litho [lith-oh] ExamplesWord Origin noun, plural lith·os.

  1. lithography.
  2. lithograph.


  1. lithographic.

verb (used with object), lith·oed, lith·o·ing.

  1. to lithograph.

Origin of litho shortened form litho. or lithog

  1. lithograph.
  2. lithography.


  1. a combining form meaning “stone,” used in the formation of compound words: lithography; lithonephrotomy.

Also especially before a vowel, lith-. Origin of litho- Greek, combining form of líthos Examples from the Web for litho Historical Examples of litho

  • The best inking surfaces or slabs for color work at press or machine are porcelain, litho stone, marble or slab.

    Paper and Printing Recipes

    J. Sawtelle Ford

  • The manager said that in the litho department the single girls thought it infra dig.

    Women in the Printing Trades.


  • This firm was the first in Leeds to introduce girls as layers-on for letter-press and litho machines.

    Women in the Printing Trades.


  • There was a great gulf fixed between the litho girls and the others.

    Women in the Printing Trades.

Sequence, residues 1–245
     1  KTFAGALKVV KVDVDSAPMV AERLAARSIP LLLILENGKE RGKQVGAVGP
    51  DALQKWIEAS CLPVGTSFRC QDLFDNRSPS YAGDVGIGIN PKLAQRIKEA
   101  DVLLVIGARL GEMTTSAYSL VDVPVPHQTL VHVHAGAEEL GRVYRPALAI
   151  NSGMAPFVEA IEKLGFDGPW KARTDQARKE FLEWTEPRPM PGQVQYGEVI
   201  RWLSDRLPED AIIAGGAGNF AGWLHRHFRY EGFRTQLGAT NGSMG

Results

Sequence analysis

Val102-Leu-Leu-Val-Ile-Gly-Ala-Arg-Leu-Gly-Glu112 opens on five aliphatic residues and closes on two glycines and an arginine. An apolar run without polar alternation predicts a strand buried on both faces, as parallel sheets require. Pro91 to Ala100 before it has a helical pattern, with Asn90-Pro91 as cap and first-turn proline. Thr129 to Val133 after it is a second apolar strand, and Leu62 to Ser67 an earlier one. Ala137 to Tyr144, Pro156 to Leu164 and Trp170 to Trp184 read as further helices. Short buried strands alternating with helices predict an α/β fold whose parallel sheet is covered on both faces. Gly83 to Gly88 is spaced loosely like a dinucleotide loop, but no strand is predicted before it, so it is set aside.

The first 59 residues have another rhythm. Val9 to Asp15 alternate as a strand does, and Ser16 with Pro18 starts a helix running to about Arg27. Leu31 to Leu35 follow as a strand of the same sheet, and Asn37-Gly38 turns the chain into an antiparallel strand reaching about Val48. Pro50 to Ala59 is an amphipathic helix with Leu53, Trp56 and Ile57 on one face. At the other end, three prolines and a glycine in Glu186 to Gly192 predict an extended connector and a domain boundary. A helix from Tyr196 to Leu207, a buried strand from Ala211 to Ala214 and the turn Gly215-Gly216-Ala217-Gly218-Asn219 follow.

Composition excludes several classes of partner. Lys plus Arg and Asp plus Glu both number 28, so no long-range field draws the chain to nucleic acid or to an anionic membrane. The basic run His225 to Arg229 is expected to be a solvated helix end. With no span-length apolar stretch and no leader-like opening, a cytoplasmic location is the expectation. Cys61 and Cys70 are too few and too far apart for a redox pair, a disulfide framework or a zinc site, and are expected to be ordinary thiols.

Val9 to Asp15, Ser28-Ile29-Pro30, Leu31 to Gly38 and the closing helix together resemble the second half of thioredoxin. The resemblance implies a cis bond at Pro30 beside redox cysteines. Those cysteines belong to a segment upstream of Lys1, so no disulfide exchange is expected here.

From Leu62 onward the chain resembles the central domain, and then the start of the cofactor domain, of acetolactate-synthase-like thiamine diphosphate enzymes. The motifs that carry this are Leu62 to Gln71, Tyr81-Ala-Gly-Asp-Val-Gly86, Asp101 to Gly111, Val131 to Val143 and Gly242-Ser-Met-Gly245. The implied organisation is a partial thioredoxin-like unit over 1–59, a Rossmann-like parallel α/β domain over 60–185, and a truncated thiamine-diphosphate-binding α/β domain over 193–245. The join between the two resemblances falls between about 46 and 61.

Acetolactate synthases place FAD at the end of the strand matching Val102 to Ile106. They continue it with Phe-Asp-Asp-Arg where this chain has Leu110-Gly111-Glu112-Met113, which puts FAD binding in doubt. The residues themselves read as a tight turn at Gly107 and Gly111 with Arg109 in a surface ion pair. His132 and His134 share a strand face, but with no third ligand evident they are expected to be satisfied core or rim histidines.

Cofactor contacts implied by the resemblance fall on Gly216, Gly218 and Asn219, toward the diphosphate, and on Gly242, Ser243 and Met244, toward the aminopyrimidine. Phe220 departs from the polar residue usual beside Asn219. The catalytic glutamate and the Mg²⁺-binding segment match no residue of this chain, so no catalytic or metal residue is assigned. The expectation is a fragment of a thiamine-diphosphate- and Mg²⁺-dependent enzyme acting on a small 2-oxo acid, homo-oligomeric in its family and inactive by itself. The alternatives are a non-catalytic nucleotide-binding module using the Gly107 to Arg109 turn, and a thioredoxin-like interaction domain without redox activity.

• Besides the end papers for inside of books, a figured paper has of late been made known as “litho printed” for fancy goods.

    Practical Bookbinding

    Paul Adam

  • British Dictionary definitions for litho litho noun, adjective, adverb plural -thos

    1. short for lithography, lithograph, lithographic, or lithographicallySee lithograph (def. 1), lithography

    litho- before a vowel lith- combining form

    1. stonelithograph

    Word Origin for litho- from Latin, from Greek, from lithos stone Word Origin and History for litho litho-

    before vowels, lith-, word-forming element meaning “stone, rock;” from comb. form of Greek lithos “stone, a precious stone, marble; a piece on a game board,” of unknown origin.

    litho in Medicine litho- pref.

    1. Mineral concretion; calculus:lithotomy.

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